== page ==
It would be interesting, just now, to be a fly on the wall inside the confines of the provincial Progressive Conservatives.
Why? Because, even with the possibility of a new leader lifting their political brand, they can’t seem to find their way out of controversy. Not that long ago, the Tories were looking for a new leader, with plenty of potential candidates nosing around both inside and outside the party establishment, and plans were in the works for the kind of leadership convention designed to lifts spirits and profiles.
Now, the party is heading towards a leadership convention with a single candidate — and that candidate’s political inexperience has become anything but a selling point. The convention can now only be a rubber-stamp for Frank Coleman, and that means it’s unlikely to even pull in more than the most perfunctory of media coverage — especially because, in the last couple of weeks, Coleman has preferred to deal with the media at arm’s length, sending out written statements on everything from the departure of Bill Barry from the leadership campaign to explanations about Coleman’s own personal views on abortion.
No one’s going to spend money for live television coverage of an event when the decision’s already made. And that means a leader who has done relatively little to clearly explain his plans for this province will have lost a critical chance to gain an advantage on his main political competitor, Dwight Ball — who also, as far as that goes, has been remarkably slow to explain just where he and his party would take the province, if the Liberals were to win an election.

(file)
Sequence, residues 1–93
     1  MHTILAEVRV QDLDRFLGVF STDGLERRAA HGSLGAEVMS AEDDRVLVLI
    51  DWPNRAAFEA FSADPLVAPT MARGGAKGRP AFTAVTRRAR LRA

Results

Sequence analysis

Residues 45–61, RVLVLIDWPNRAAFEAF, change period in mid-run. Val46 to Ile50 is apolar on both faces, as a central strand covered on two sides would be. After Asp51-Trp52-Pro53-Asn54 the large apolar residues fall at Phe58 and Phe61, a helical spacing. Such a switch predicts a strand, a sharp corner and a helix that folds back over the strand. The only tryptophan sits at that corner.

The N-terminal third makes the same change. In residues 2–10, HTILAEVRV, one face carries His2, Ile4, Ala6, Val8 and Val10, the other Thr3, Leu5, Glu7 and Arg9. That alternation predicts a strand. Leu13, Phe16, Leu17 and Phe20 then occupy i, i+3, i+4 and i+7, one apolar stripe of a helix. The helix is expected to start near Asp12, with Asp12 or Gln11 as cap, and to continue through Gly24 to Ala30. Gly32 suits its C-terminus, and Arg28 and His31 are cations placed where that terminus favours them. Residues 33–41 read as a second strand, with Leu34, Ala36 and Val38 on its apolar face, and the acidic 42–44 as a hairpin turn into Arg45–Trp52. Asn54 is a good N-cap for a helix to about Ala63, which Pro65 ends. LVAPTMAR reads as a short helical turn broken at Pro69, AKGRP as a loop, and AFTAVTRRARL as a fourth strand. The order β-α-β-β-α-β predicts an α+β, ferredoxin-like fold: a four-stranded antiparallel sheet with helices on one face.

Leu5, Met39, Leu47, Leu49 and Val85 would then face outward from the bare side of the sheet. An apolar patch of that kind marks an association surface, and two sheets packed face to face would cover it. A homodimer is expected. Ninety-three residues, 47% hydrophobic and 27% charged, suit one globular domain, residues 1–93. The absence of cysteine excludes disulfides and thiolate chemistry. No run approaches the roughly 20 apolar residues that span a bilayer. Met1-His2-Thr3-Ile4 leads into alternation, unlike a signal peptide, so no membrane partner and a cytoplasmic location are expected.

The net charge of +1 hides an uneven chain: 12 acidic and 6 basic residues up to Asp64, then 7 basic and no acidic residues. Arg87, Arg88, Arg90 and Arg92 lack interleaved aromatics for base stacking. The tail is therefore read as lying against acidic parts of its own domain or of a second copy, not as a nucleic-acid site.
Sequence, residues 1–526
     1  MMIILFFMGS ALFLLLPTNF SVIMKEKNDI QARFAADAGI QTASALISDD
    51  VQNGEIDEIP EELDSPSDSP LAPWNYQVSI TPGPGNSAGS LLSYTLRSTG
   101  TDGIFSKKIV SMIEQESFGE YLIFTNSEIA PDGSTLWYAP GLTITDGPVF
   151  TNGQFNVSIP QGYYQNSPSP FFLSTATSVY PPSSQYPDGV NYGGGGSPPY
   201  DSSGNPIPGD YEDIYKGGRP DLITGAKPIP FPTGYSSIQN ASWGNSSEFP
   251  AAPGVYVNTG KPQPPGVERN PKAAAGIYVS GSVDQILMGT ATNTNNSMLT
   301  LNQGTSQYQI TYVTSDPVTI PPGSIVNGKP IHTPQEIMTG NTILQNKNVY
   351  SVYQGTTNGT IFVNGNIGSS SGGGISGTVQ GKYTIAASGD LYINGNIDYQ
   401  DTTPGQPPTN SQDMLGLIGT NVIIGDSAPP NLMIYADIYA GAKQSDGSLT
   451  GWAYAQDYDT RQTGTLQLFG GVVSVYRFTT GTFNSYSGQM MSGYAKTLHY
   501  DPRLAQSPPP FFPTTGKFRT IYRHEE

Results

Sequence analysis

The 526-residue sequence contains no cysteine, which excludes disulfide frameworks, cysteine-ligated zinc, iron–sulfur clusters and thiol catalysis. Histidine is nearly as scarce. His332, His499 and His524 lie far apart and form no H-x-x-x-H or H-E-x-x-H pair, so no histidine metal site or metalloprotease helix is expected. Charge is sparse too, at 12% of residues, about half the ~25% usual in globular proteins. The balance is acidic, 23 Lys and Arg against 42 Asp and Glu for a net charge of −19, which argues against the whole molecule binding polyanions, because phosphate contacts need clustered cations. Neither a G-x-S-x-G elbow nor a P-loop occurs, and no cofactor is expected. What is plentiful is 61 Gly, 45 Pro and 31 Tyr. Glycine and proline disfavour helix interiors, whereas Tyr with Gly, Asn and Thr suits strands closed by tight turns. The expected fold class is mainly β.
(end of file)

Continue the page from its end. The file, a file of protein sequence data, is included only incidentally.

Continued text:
At this point, it’s like watching a boxing match where both combatants have decided to play rope-a-dope, offering up nothing and waiting to see what punches their competitor will throw.
Meanwhile, the NDP are doing … something. And after their remarkable nest-soiling last fall, they’re likely to stay well out on the fringe for the foreseeable future.
It’s like nobody really wants the job.
For the Tories, it must be particularly frustrating — many feel they’ve been unfairly characterized in recent years, and believe they deserve more credit for their record of governance.
Now, the opportunity for the time and space to sell themselves politically through the leadership campaign has collapsed, and the survivor hasn’t done much to help himself look like an approachable contender.
Where exactly is a voter supposed to look?
Well, politics is a funny business, and it’s remarkable how quickly voters forget a whole variety of things.
Maybe Dwight Ball actually has policy plans and can put them forward. Maybe Frank Coleman will suddenly emerge, phoenix-like, from the ashes of a party that has almost single-handedly immolated its advantages at every turn, a party that’s been the victim of its own internal machinations for two premiers now. And maybe we’ll all forget the NDP’s singular ability to pull the pin out of the grenade and then drop the bomb on the floor of its own headquarters.
But no one’s on their “A” game right now. And the clock is ticking.